The PKA holoenzyme consists of two catalytic subunits (C) bound to two regulatory subunits (R) in a tetrameric complex (R2C2). There are three known genes encoding mammalian C. The Cα gene is expressed in most tissues (Showers and Maurer, 1986 ; Uhler et al., 1986a ,b ). The Cβ gene also is expressed in multiple tissues but generally at lower levels than Cα (Showers and Maurer, 1986 ; Uhler et al., 1986b ). Cγ is a transcribed retroposon found only in primates and expressed only in testis (Beebe et al., 1990 ; Reinton et al., 1998 ).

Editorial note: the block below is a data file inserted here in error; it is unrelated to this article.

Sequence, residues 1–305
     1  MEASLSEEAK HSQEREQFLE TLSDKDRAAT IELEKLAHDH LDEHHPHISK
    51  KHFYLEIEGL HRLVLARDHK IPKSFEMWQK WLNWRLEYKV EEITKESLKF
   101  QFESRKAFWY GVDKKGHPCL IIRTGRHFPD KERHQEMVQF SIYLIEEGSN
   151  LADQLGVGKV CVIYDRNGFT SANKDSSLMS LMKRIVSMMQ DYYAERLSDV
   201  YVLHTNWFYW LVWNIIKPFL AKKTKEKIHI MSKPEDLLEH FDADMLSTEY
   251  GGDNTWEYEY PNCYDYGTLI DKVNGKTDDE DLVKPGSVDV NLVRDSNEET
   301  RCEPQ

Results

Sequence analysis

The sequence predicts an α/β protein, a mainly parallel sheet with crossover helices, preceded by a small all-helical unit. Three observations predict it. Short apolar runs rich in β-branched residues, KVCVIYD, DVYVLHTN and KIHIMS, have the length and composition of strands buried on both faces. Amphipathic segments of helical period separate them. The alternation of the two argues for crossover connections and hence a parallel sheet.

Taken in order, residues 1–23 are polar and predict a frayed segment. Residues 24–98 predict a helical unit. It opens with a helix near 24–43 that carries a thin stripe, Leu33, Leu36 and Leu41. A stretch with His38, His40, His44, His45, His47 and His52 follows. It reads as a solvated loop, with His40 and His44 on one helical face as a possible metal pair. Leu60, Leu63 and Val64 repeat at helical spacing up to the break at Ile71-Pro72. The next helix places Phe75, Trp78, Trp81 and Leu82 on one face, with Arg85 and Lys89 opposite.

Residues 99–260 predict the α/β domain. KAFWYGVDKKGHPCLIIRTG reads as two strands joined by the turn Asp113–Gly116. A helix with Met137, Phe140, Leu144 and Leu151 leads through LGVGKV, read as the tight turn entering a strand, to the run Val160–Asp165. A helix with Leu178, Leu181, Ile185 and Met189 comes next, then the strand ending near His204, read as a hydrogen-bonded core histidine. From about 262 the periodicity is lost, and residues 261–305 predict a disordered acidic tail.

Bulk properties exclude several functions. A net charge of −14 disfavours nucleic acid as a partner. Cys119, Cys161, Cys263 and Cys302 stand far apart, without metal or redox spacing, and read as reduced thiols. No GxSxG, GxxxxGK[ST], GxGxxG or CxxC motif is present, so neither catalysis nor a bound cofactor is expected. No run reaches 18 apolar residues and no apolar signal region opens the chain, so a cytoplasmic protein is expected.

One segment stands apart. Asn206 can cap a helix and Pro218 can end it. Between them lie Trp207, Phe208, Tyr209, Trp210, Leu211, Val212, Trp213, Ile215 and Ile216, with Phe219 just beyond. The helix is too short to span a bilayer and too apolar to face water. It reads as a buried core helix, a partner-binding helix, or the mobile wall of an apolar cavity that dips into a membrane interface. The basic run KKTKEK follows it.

We recently determined that the PKA catalytic subunit of ovine sperm (Cs) differs from that of bovine, murine, or human Cα1 (the predominant somatic isoform) in its amino terminus (San Agustin et al., 1998 ). A combination of tandem mass spectrometry and Edman degradation of Cs peptides indicated that the amino-terminal myristate and first 14 amino acids of the published Cα1 subunits are replaced by an amino-terminal acetate and 6 different amino acids in ovine Cs. However, short peptide sequences from more carboxyl-terminal portions of ovine Cs were identical to the published sequence of bovine Cα1. Although the complete sequence of neither the sperm nor the somatic form of ovine C was determined, the results indicated that ovine Cs is a novel isoform more closely related to Cα1 than to Cβ or Cγ.